Deadly attacks, low turnout mar Libya polls

2014-06-26 10:08
A Libyan man casts his vote in legislative elections for choosing 200 members of the General National Congress at a polling station in the capital in Tripoli. (Mahmud Turkia, AFP)

A Libyan man casts his vote in legislative elections for choosing 200 members of the General National Congress at a polling station in the capital in Tripoli. (Mahmud Turkia, AFP)

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Tripoli - A deadly attack on troops, the killing of a rights activist and low turnout marred a parliamentary election Libyan authorities hope will end the political turmoil rife since the ouster of Muammar Gaddafi.

Seven soldiers deployed to provide polling day security in second city Benghazi were killed, and 53 injured, in what security officials said was an attack on their convoy by Islamist militia.

Later lawyer and human rights activist Salwa Bugaighis was shot dead by unknown assailants at her home in Benghazi, hospital and security sources said.

A former member of the National Transitional Council, the 2011 anti-Gaddafi rebellion's political wing, she was vice president of a preparatory committee for national dialogue in Libya.

The eastern city, which was the scene of a deadly 2012 attack on the US consulate, has been tense since a rogue former rebel commander launched an offensive against powerful Islamist groups late last month, drawing many regular army units to his side.

The electoral commission was also forced to close 18 polling stations in the western town of Al-Jemil after unidentified gunmen attacked five of them and stole ballot boxes, a local security official said.

By the time polls closed at 1800 GMT on Wednesday, just 630 000 of the 1.5 million registered voters had cast their ballot, a 47% turnout, according to preliminary estimates by the electoral commission.

The number of registered voters itself is a far cry from the more than 2.7 million who signed up two years ago for Libya's first ever free election. Almost 3.5 million Libyans are eligible to vote.

A patchwork of militias

In the past few weeks, Libya has been rocked by a crisis that sees two rival cabinets jostling for power in a crippling showdown between Islamists and liberals, as violence raged in the east.

A patchwork of militias, including Islamic extremists, who helped overthrow Gaddafi in the 2011 Nato-backed uprising have been blamed for violence that has continued unabated since then.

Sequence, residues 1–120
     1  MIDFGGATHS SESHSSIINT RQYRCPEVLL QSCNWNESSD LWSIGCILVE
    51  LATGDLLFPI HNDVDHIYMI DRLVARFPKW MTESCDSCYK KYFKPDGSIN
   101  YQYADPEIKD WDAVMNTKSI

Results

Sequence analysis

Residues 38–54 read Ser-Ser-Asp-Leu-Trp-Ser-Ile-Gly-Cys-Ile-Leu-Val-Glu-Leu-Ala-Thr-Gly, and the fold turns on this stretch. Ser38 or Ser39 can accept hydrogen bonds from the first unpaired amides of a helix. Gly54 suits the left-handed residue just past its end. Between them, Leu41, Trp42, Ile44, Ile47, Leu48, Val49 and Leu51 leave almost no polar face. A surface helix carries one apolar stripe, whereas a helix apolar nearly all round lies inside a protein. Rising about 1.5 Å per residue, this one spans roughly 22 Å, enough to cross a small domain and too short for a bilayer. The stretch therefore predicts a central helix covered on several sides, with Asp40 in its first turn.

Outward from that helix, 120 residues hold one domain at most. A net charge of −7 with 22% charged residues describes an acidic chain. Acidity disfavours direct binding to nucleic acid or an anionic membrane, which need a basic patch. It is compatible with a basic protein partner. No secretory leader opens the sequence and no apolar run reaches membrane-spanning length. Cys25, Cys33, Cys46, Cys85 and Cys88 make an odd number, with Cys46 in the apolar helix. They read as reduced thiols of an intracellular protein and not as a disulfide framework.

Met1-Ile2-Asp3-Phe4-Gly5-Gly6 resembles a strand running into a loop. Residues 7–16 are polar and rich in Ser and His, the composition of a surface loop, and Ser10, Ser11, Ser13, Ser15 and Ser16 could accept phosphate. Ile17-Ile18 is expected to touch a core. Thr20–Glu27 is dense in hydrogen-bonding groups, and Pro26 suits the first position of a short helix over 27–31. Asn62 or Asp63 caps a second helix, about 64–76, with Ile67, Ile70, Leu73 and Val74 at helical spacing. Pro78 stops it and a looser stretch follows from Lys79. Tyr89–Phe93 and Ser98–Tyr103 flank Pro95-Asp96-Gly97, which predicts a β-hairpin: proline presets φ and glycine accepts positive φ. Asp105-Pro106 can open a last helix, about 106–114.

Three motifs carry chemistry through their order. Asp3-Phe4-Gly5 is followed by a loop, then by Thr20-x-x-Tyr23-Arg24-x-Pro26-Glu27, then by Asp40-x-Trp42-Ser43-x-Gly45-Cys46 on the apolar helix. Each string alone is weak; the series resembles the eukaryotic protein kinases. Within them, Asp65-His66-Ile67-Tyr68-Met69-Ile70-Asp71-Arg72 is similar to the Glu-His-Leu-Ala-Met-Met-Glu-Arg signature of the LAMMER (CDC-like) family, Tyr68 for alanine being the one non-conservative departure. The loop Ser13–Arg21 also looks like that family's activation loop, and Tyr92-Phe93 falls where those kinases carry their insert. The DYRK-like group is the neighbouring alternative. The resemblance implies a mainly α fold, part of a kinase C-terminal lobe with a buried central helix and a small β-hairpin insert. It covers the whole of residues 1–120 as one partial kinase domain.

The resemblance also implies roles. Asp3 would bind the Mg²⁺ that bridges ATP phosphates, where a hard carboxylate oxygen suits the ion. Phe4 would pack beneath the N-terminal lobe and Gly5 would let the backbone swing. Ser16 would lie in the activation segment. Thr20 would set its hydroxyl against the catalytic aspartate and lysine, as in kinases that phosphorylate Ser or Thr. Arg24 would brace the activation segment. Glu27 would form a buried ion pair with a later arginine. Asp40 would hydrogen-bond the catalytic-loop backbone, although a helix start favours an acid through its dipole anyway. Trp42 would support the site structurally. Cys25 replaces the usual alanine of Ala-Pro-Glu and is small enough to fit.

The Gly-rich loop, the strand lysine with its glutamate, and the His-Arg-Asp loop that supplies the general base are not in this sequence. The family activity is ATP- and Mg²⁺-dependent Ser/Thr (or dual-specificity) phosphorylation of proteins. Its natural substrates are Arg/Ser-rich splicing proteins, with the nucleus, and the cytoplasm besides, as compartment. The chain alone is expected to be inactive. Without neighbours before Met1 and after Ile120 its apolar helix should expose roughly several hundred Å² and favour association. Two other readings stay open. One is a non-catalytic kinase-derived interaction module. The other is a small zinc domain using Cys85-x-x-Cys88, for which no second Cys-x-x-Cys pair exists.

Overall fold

"These are the last chance elections. We are placing much hope in the future parliament to restore the security and stability of our country," said Amr Baiou, 32, as he emerged from a polling station in Tripoli.

No voting was held in the eastern town of Derna, a stronghold of jihadists, for fear of attacks on polling stations.

In the south, just five out 15 polling stations opened in the Kufra region for "security reasons," the electoral commission said.

Interim prime minister Abdullah al-Thani said the election was "proceeding normally".

"Regarding the organisation of voting in Derna, there will be measures to take this week," he added without elaborating.

The heavily armed rebels who ousted and killed Kadhafi have carved out their own fiefdoms in the deeply tribal country, some even seizing oil terminals and crippling crude exports from a sector key to government revenues.

The General National Congress (GNC), or parliament, which has served as Libya's highest political authority since the revolt, was elected in the free July 2012 polls.

But it has been mired in controversy and accused of hogging power, with successive governments complaining its role as both executive and legislative authority has tied their hands in taming militias.

First results Friday or Saturday

The crisis came to a head in February when the assembly, whose term had been due to expire, decided to prolong its mandate until December.

That sparked street protests and forced lawmakers to announce the election.

Voters are choosing from among 1 628 candidates, with 32 seats in the 200-strong GNC reserved for women and would-be MPs banned from belonging to any political party.

The first results are expected on Friday or Saturday.

The UN Security Council has expressed hopes that the vote can be a stepping stone out of the chaos.

"These elections are an important step in Libya's transition towards stable democratic governance," it said this week.

For analyst Salem Soltan, none of the candidates standing in the elections "carry the political or social weight" needed in the assembly.

The new parliament risks "being run by shadow MPs, who will act according to instructions from warlords and militias," he said.

But some of those taking part in Wednesday's poll disagreed.

"We are voting so as not to repeat the mistakes of the past," said Salah al-Thabet.

"We voted in the first elections just to vote. This time I have really researched the candidates, and I voted for the right people," added the 62-year-old pensioner, after casting his ballot in central Tripoli.
Read more on:    muammar gaddafi  |  libya  |  north africa

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